Among adults 75 years of age or older, treating to a systolic blood pressure target of less than 120 mm Hg compared with less than 140 mm Hg resulted in significantly lower rates of fatal and nonfatal major cardiovascular events and death from any cause, according to a study published online by JAMA. The study is being released to coincide with its presentation at the American Geriatrics Society Annual Scientific Meeting.1
In the United States, 75 percent of persons older than 75 years have hypertension, for whom cardiovascular disease complications are a leading cause of disability, illness and death. The optimal systolic blood pressure (SBP) treatment target in geriatric populations with hypertension remains uncertain. Jeffrey D. Williamson, M.D., M.H.S., of the Wake Forest School of Medicine, Winston-Salem, N.C., and colleagues analyzed a subgroup (persons age 75 years or older with hypertension but without diabetes) in the Systolic Blood Pressure Intervention Trial (SPRINT) who were randomly assigned to an SBP target of less than 120 mm Hg (intensive treatment group, n = 1,317) or an SBP target of less than 140 mm Hg (standard treatment group, n = 1,319).
Among the participants (average age, 80 years; 38 percent women), 95 percent provided complete follow-up data. At a median follow-up of 3.1 years, there was a significantly lower rate of the primary composite outcome (nonfatal heart attack, acute coronary syndrome not resulting in a heart attack, nonfatal stroke, nonfatal acute decompensated heart failure, and death from cardiovascular causes; 102 events in the intensive treatment group vs 148 events in the standard treatment group). There was also a significantly lower rate of all-cause death (73 deaths vs 107 deaths, respectively).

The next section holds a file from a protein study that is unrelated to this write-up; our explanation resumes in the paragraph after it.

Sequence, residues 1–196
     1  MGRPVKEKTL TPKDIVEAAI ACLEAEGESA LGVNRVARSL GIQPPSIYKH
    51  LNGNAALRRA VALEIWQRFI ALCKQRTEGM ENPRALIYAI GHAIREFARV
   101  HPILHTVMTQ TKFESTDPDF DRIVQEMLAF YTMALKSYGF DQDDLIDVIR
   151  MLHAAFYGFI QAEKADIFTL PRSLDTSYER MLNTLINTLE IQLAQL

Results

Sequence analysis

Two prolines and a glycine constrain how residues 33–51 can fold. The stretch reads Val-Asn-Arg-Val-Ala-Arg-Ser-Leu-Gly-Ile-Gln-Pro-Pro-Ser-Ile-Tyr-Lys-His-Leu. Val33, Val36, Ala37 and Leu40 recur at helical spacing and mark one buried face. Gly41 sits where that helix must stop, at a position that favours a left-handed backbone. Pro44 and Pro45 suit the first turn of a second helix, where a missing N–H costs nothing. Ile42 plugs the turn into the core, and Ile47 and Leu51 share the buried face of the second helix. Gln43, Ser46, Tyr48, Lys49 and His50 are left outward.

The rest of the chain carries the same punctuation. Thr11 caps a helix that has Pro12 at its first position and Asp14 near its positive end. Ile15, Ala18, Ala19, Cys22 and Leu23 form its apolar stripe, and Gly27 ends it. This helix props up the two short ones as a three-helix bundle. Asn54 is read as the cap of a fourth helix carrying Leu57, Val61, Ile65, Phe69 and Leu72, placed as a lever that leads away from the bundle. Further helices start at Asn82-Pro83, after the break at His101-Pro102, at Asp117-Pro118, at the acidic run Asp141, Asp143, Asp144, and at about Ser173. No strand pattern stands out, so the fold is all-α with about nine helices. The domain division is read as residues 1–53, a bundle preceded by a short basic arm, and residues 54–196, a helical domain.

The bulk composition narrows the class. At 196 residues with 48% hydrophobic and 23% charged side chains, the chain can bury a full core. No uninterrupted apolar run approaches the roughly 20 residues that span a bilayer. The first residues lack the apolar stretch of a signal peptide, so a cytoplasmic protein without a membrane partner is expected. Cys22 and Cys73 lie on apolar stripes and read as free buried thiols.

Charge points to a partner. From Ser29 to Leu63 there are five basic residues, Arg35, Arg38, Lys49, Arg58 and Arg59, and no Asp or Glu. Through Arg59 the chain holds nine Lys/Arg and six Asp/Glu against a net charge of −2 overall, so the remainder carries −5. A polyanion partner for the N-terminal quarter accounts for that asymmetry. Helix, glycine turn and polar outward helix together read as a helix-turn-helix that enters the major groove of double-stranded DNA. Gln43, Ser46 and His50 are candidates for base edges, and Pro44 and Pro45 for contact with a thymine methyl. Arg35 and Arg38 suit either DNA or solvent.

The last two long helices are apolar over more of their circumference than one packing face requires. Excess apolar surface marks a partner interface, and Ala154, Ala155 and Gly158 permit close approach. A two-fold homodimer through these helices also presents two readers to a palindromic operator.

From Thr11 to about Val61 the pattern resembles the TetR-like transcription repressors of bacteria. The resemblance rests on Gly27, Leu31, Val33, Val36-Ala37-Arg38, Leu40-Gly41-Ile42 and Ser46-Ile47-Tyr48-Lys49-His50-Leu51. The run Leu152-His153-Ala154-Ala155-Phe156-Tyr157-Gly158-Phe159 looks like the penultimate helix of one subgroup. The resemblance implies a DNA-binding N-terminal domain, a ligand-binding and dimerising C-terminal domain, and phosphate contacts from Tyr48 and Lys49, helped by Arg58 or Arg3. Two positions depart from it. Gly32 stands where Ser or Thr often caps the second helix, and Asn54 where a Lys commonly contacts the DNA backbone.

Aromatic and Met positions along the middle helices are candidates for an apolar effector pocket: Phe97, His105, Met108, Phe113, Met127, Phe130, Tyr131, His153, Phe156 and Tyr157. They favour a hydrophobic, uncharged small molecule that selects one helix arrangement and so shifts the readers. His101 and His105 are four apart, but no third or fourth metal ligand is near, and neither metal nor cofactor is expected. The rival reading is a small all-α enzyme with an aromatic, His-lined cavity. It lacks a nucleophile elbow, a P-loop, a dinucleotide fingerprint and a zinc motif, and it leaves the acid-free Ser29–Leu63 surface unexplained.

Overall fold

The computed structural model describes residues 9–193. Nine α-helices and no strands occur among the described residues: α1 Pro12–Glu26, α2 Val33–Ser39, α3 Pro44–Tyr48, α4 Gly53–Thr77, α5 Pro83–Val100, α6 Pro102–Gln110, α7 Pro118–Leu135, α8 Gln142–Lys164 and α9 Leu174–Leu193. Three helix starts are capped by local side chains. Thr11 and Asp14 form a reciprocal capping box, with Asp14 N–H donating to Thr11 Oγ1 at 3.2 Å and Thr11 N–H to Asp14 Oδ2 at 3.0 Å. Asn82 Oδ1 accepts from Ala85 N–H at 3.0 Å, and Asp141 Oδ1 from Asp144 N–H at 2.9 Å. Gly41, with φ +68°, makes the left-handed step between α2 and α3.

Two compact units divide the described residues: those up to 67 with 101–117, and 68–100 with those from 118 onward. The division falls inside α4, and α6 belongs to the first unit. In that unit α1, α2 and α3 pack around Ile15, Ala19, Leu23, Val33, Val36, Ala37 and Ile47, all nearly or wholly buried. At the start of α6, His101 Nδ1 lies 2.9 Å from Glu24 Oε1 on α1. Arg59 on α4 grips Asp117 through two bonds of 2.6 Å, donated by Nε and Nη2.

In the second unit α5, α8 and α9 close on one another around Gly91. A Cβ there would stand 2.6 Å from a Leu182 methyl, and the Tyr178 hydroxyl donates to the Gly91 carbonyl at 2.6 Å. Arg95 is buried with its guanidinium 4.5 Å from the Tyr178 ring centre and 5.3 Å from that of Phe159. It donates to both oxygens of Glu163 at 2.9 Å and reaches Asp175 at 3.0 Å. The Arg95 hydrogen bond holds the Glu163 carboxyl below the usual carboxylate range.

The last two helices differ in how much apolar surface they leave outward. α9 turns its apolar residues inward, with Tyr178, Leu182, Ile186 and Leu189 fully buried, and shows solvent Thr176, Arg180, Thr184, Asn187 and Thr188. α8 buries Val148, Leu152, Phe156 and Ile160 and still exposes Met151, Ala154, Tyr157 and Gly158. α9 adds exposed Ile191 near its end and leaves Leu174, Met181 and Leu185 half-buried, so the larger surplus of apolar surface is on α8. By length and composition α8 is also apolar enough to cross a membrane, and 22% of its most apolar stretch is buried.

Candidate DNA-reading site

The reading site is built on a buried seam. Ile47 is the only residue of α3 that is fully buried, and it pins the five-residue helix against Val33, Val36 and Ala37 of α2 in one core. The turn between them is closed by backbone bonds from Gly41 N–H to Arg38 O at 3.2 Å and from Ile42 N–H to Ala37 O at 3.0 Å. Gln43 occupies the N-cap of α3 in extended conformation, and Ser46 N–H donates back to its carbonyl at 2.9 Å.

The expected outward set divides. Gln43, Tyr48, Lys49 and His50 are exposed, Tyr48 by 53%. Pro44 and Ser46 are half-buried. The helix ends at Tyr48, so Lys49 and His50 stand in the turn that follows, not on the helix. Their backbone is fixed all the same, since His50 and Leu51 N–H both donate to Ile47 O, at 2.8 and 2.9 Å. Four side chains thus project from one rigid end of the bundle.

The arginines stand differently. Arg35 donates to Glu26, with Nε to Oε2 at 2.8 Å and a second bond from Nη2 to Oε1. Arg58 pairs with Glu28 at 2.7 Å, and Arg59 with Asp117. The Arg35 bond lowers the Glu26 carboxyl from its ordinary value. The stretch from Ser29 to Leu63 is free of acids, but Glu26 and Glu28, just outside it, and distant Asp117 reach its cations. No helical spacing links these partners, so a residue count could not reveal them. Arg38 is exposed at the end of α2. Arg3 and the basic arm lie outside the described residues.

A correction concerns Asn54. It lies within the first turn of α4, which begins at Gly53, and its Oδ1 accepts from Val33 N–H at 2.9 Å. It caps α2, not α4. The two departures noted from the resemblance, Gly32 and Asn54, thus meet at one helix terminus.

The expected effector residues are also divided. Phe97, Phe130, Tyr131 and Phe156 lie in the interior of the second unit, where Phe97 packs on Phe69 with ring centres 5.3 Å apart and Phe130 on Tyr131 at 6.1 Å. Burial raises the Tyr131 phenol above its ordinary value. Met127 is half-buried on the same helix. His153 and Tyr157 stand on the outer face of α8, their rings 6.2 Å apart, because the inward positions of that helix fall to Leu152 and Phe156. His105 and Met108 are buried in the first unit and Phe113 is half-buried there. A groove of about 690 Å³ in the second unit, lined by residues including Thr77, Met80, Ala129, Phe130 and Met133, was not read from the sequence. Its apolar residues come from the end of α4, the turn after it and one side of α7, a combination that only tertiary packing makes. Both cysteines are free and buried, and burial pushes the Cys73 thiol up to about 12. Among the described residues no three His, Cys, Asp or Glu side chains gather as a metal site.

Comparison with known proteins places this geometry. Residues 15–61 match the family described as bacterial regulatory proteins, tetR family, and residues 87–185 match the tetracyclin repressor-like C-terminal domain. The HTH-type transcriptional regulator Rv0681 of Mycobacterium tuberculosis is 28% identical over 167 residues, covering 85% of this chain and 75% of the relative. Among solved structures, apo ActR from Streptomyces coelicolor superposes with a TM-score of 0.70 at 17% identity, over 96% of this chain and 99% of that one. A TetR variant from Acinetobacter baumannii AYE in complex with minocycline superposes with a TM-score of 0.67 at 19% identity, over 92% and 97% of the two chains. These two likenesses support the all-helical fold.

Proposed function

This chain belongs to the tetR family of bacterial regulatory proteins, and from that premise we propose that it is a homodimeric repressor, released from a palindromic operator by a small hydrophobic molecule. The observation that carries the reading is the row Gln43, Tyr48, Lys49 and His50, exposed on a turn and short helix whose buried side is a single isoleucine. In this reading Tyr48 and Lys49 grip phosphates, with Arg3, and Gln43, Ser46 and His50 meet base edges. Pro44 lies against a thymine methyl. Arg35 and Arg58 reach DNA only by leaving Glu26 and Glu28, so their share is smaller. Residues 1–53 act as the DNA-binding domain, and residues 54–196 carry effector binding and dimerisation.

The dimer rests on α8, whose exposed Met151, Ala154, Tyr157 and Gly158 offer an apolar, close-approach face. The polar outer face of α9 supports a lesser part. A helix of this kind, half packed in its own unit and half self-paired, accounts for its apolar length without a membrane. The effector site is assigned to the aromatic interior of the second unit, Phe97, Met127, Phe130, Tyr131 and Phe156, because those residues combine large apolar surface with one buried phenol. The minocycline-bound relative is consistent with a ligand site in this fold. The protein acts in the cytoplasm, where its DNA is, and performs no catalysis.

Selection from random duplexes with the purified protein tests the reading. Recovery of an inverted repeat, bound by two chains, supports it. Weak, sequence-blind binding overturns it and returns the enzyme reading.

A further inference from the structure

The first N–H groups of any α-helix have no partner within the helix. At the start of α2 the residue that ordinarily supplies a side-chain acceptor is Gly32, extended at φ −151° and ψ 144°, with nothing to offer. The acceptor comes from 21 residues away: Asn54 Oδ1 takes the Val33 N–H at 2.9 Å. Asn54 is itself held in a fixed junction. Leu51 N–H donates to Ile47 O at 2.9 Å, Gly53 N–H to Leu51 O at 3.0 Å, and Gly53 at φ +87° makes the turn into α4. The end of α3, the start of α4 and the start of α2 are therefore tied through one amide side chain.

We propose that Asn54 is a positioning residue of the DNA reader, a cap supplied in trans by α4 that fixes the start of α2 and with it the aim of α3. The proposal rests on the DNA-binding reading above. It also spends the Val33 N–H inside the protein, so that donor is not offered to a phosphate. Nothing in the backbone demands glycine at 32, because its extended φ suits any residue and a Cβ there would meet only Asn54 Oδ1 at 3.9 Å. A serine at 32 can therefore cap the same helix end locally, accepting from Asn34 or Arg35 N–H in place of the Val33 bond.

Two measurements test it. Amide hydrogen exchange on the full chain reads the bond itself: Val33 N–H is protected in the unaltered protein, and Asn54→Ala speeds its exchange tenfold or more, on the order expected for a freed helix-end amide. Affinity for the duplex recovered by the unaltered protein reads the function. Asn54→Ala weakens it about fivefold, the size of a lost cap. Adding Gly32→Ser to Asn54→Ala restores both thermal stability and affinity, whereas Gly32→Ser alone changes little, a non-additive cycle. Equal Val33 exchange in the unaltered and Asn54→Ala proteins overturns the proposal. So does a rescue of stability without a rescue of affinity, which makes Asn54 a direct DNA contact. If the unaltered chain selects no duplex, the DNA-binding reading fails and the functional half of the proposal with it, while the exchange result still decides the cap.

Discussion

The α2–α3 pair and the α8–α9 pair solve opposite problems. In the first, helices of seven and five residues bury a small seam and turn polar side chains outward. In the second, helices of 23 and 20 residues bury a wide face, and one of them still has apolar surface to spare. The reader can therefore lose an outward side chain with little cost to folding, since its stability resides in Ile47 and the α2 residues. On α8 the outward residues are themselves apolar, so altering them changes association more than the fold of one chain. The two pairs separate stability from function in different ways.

Additional analysis suggested that the benefit of intensive BP control was consistent among persons in this age range who were frail or had reduced gait speed.
The overall rate of serious adverse events was not different between treatment groups.
“Considering the high prevalence of hypertension among older persons, patients and their physicians may be inclined to underestimate the burden of hypertension or the benefits of lowering BP, resulting in undertreatment. On average, the benefits that resulted from intensive therapy required treatment with 1 additional antihypertensive drug and additional early visits for dose titration and monitoring,” the authors write.
“Future analyses of SPRINT data may be helpful to better define the burden, costs, and benefits of intensive BP control. However, the present results have substantial implications for the future of intensive BP therapy in older adults because of this condition’s high prevalence, the high absolute risk for cardiovascular disease complications from elevated BP, and the devastating consequences of such events on the independent function of older people.”
“Currently, more than 40 percent of persons with hypertension in the United States do not have their blood pressure controlled to levels less than 140/90 mm Hg, and if the goal SBP were reduced to less than 130 mm Hg, more than one-half of persons with hypertension would be considered to have uncontrolled blood pressure,” writes Aram V. Chobanian, M.D., of the Boston University School of Medicine, in an accompanying editorial.2
“Achieving the SBP goal of less than 130 mm Hg may be challenging for clinicians, because doing so could require use of additional medications, more careful monitoring, and more frequent clinic visits. Nevertheless, the important results reported by Williamson et al in this issue of JAMA cannot be discounted, and unless unexpected adverse effects are observed on further examination of the trial data, then major changes in treatment goals for patients 75 years or older with hypertension will be warranted.”